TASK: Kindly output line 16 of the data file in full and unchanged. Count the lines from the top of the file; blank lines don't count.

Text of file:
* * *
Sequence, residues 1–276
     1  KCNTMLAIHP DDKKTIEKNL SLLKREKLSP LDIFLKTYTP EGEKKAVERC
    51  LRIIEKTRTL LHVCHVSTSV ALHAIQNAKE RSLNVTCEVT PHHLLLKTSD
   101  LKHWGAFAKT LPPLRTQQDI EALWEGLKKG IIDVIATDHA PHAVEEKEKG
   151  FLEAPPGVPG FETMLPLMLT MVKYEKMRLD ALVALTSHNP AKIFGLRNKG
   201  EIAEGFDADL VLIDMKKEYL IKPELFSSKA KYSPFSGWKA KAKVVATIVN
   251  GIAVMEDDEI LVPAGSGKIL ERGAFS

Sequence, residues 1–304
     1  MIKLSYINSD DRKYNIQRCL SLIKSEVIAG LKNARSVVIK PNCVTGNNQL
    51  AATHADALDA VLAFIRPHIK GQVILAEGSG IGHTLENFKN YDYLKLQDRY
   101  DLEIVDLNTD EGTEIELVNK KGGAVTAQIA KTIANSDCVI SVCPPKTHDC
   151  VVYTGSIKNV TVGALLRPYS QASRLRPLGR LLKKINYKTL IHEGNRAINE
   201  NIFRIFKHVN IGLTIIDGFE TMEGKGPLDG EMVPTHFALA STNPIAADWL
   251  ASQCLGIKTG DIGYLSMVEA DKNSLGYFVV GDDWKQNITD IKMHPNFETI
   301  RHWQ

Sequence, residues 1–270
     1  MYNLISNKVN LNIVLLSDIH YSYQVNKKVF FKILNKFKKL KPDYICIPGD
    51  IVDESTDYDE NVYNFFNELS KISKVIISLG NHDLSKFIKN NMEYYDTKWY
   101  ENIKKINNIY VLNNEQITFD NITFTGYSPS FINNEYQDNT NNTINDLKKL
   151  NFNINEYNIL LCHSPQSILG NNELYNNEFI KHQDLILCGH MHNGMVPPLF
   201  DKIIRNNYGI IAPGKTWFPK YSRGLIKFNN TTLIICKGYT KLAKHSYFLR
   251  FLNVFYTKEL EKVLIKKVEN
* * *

Sequence, residues 1–270